Thank you so much for this – very useful! I love your clear instructions and pictures – perfect for someone who is new to sewing (AKA me!),

  5. 5
    Cbnbog says:

    Funny name ! As in France, where I am from and leaving and sewing, we call it “couture anglaise”

  6. 6
    Lindsay says:

    I wish I had this a week ago! It would have made last weeks project so much easier and prettier! I’ll have to remember this for next time!

  7. 7
    Julia says:

    What a wonderful tutorial! I was never very clear on how to figure out my seam allowance, but you made it so simple! And beautiful, instructive pictures. You do such a nice job teaching. I’ve learned multiple things from your tutorials, starting with shirring. Keep it up. I love it!

  8. 8
    Tanya says:

    I love tidy seams inside and out, yes I too dislike the look and feel of over locking and love the added strength heirloom seams – French, flat felled, bias bound (especially when you get to use a splash of Liberty of London)… gives to a garment, which is perfect for active kids. Agree with the lady above that it can be used on curves successfully and vintage pattern instructions advise them on arm holes. Yes my clothes take longer to sew but they just make me smile when I pull them out of the wash or get a flash of the inside while it’s being worn. Great tutorial and have a lovely week

    • 8.1
      Mysti says:

      I know this is nearly seven months late, but I like to use bias tape to finish the curved seams. I just make sure to get some extra fabric and make my own so it matches. I’ve seen it called the “Hong Kong finish”.

  9. 9
    Lynette says:

    Um…that is the coolest thing ever! I had heard of french seams, but never known any more than that. Thanks for helping me learn something new today!

  10. 10
    Jill says:

    I love french seams! I use them for most of my straight seams. They’re just so easy, yet so fancy and professional-looking!

  11. 11
    Hawwa says:

    Thanks for the great tip, I’ve been thinking about how to have a neat finishing without investing in a serger.
    By the way, I love your blog, nice pictures and great content!

  12. 12
    Stephanie says:

    Oh, Ashley, you are simply the best! I love coming to your website and finding a new posting. I am a beginner when it comes to sewing, but you have already taught me so much. The French seams look beautiful. I will definitely practice this technique to incorporate into the huge list of projects I have created for myself recently. Thanks for all you do!

  13. 13
    Beth says:

    If you press the first seam open rather than flat, your inside seams will turn more easily and look neater. Narrow french seams are my favorite finish, especially in baby or heirloom garments.

  14. 14
    Joyce French says:

    Ashley,
    I love the tutiorial, and the next step to a flat felt is the top stitch (3rd) for shorts or skirts that are more sporty. The seam will be thicker and very stable. Love the new format, hope your no where near the flooding. Aloha Joyce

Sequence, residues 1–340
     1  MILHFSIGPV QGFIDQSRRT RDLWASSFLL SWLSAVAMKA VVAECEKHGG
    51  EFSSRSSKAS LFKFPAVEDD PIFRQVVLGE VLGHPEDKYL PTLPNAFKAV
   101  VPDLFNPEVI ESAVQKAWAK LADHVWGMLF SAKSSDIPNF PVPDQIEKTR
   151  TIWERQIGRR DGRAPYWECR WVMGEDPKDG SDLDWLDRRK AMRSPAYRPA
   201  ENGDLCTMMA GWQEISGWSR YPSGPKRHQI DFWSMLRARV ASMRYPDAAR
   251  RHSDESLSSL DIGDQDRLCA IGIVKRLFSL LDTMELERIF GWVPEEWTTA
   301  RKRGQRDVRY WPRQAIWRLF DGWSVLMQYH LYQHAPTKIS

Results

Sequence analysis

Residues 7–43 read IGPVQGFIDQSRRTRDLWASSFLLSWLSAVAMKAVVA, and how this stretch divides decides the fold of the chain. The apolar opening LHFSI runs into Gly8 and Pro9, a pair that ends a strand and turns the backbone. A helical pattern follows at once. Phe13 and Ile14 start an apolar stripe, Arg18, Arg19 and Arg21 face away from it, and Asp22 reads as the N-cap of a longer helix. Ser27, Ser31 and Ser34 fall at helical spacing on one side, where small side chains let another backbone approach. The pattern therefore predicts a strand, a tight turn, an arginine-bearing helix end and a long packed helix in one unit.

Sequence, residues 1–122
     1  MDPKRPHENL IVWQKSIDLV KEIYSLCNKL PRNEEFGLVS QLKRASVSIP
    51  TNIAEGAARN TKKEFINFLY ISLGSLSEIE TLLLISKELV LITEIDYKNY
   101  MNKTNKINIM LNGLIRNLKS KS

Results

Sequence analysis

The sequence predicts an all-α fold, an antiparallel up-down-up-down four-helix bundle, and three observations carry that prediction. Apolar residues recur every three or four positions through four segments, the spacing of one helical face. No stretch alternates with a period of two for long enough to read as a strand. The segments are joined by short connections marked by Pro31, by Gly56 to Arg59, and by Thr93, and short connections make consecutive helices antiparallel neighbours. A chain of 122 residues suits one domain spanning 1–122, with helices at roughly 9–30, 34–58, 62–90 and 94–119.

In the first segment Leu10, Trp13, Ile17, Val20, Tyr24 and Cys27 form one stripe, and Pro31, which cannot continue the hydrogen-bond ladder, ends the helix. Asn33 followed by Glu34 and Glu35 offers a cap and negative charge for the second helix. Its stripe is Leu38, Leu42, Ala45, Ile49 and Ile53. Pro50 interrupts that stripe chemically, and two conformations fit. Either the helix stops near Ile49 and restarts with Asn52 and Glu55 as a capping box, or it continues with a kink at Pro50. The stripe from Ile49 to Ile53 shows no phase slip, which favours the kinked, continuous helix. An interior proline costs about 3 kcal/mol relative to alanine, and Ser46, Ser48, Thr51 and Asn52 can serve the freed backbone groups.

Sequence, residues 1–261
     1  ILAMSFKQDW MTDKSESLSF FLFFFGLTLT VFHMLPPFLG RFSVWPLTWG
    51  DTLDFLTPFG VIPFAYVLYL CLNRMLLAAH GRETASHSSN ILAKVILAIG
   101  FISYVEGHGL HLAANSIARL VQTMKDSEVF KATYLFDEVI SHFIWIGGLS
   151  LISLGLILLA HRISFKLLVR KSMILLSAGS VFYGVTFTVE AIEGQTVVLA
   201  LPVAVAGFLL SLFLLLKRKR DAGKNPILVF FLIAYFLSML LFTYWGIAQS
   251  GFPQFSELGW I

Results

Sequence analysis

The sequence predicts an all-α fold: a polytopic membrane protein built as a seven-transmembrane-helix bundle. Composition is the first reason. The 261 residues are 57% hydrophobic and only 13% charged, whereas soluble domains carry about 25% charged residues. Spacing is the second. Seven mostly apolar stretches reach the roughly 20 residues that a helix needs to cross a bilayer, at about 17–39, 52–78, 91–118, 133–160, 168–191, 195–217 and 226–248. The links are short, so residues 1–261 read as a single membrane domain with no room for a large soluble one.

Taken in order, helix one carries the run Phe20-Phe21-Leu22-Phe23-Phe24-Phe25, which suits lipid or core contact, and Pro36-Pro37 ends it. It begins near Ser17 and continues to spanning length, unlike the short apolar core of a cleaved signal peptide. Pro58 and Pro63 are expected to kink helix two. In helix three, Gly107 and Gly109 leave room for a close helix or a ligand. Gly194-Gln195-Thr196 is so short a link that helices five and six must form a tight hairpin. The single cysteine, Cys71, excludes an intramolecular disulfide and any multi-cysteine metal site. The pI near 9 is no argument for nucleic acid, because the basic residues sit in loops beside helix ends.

15. 15
    Ida says:

    I found your site the other day and find your tutorials extremely helpful and well-written (especially the zipper one). Just wanted to say thanks for making them, and please keep it up!

  16. 16
    Maureen M. says:

    Thank you! I was wondering if there was a better way for the inside seams of laundry bags…they make great gifts but I always wondered if there was a better way to keep the fraying away!

  17. 17
    Amy says:

    I am in love with french seams. They look so beautiful!

  18. 18
    byseverine says:

    comme c’est amusant je te l’écris en français parce que chez nous nous appelons ces coutures cachées des coutures à l’anglaise

  19. 19
    miladie says:

    I really like your work, I just want to ask if you have any advice for a sewing machine?m willing to buy one and m a beginner, I know nothing about sewing, appreciate your feedbacks

  20. 20
    Heather says:

    Ahhhh… I had no idea. Looks great, and not too tricky! Thanks :)

  21. 21
    jan says:

    Ohhhhh I love the French seam tutorial . My 2 girls are all grownup and now I have found my old love of sewing . The French seams are perfect for my little Grandaughters Pyjama trousers . Never made any before but thrilled with the results .Thank you

  22. 22
    Chris says:

    Thanks so much for this – I read half a dozen other tutorials but they were all really vague and assumed the reader has some experience sewing. I’m a total beginner and really needed to laid out and explained like this. Thanks.

  23. 23
    Laura says:

    Thank you for this. I saw this on another crafting website and it was about as clear as mud. This was so much easier to understand and l could grasp the whole idea as l was reading along. Next year l will be making my own drawstring pouches so l look forward to including this seam. Again thank you:)

  24. 24
    Alyssa says:

    I used French seams when I restored my grandmother’s wedding dress, it made the lace bodice and sheer overskirt look so much better! I wish I remembered to use it sooner on my girl’s dresses.